The reason why this is true may be related to a reduction in obesity, an increase in vitamin D production, socialized games that occur outside or may even be related to dopamine levels in the body. One of the strongest mechanisms of action currently being studied is the amount of sun exposure or the amount of illumination or simply brightness that you receive while outside.

Low Dose Atropine

Atropine 0.1 percent ophthalmic solution has been shown to be quite effective in reducing the progression of myopia but not in slowing the rate of an increase in the length of the eyeball. However, many of the studies are showing a very high rate of success.

Some studies show as high as 90 percent reduction in progression. Atropine is given in eye drop form daily, usually at bedtime. The exact mechanism is not known. Studies have shown low dose atropine to be safe. However, some practitioners are cautious, as high dose atropine can cause some undesirable side effects.

Orthokeratology

Orthokeratology, also known as corneal refractive therapy (CRT), gentle corneal molding and corneal reshaping, is a procedure in which special corneal molds similar to rigid gas permeable lenses, are fit and slept in overnight. The lenses are called reverse-geometry lenses. They flatten the cornea centrally but steepen it peripherally, causing a shape change in the cornea that reduces peripheral hyperopic defocus and creates myopic defocus which can slow the progress of myopia.

Peripheral hyperopic defocus is a complex topic but it seems to be the stimulus for the eyeball to become elongated and to become more nearsighted. A child wearing them during the night only will generally achieve near 20/20 uncorrected vision for the entire day. This induces an effect on progression of myopia and also boosts confidence for the child so that vision correction does not have to be worn during the day.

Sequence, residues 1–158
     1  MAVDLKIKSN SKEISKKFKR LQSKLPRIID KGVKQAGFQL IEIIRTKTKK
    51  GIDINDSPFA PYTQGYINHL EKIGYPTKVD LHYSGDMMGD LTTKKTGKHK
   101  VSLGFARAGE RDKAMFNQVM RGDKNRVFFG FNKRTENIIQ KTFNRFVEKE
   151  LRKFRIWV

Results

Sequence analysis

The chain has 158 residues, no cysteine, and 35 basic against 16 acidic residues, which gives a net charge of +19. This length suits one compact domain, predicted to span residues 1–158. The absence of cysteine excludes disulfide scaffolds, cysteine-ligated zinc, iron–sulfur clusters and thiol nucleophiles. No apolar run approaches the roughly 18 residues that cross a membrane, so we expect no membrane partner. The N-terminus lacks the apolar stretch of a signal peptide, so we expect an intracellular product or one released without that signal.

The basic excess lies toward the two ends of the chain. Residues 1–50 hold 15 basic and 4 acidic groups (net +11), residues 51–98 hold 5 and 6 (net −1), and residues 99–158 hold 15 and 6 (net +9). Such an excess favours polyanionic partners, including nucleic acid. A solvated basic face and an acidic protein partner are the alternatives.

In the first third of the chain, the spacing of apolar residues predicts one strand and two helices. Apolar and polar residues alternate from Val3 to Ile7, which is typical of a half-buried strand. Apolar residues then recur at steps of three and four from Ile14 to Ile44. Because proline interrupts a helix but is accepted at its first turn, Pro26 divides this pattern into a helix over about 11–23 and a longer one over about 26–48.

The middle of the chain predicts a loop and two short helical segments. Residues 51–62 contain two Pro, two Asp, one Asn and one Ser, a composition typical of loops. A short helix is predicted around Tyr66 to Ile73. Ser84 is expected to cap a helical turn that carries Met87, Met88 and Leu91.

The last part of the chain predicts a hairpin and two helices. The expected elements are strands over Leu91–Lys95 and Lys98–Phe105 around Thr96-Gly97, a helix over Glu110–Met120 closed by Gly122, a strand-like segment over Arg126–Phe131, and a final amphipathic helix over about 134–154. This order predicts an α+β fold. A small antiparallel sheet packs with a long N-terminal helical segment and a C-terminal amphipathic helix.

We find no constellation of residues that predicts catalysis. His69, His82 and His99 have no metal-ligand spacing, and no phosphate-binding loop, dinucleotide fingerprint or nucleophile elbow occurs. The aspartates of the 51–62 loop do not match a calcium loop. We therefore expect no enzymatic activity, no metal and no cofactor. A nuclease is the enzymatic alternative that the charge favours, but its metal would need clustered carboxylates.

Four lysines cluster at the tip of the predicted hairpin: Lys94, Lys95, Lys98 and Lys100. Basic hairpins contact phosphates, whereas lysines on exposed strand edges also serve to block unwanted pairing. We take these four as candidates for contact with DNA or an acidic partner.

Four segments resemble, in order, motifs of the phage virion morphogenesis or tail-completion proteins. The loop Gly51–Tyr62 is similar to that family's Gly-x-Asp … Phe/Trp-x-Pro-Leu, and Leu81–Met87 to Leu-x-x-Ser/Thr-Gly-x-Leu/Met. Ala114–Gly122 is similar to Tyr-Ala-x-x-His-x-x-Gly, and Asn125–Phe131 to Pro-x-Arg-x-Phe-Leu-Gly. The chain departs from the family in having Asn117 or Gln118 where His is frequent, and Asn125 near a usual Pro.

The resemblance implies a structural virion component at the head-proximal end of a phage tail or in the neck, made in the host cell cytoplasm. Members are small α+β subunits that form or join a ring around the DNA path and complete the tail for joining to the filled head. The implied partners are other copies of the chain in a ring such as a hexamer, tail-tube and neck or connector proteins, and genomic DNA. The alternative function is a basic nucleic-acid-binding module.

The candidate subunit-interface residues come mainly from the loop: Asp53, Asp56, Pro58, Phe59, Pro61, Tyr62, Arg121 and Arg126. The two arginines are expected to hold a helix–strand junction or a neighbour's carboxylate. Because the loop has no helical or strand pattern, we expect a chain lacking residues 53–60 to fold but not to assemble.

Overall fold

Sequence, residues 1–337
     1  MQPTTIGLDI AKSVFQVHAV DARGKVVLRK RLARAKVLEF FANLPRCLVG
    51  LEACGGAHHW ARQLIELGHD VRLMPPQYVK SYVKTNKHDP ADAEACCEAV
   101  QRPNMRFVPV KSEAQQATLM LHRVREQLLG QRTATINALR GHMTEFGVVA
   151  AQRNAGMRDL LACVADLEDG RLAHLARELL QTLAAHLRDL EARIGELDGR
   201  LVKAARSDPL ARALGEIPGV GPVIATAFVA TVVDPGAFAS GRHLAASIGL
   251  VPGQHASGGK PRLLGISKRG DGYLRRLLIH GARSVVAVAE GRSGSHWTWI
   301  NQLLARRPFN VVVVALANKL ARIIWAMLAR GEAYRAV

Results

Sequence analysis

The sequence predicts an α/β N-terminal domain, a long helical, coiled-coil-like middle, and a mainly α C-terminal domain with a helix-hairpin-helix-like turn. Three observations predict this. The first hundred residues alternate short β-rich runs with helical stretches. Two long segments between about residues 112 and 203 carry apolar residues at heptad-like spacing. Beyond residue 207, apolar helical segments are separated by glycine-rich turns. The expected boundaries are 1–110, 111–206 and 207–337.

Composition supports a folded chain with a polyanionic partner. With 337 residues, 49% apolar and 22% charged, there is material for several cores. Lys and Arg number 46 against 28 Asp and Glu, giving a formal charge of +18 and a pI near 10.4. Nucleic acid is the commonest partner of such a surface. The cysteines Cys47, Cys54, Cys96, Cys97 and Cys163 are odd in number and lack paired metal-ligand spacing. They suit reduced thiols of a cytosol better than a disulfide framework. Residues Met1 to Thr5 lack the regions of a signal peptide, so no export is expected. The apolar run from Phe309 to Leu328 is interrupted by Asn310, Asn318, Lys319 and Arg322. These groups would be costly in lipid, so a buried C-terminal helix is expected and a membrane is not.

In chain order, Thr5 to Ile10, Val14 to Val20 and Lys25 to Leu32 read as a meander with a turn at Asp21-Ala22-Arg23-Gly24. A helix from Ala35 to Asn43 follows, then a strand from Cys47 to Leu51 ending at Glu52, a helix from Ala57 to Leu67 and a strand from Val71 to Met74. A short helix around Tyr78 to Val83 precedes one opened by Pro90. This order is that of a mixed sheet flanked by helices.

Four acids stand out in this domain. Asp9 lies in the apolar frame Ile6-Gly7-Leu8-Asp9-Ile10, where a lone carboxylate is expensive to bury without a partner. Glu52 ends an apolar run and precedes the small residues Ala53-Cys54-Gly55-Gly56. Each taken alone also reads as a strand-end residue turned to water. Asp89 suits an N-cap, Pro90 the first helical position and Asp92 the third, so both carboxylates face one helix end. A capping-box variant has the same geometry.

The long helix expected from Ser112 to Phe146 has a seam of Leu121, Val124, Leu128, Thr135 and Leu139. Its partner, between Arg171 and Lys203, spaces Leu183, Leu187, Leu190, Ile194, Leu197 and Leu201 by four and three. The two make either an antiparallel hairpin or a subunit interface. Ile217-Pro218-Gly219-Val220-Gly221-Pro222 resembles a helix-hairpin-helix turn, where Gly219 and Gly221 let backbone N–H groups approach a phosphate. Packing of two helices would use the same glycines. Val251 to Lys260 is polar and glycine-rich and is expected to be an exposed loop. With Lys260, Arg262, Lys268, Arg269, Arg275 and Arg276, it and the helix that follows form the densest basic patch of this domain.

Multifocal Soft Contact Lenses

Children wearing soft multifocal lenses had 25 percent less myopia progression and 31 percent less axial elongation than those wearing single-vision lenses over two years, according to a 2014 study in Hong Kong children. Doctors believe it works by the same mechanism as orthokeratology.

The “center-distance” multifocals focus light in front of the peripheral retina, and they focus light right on the central retina, which provides people with clear vision.

A Word From Verywell

Preliminary projections based on real population data indicate that myopia will affect over 50 percent of the world’s population by 2050. Ten percent will have high myopia, which greatly increase one’s risk for glaucoma, cataracts, retinal detachment and myopic maculopathy. Myopia is a real public health concern. Research shows that myopia control can decrease the progression of nearsightedness by 50 percent. As a result, it is worthwhile to parents to begin learning about the different options currently available.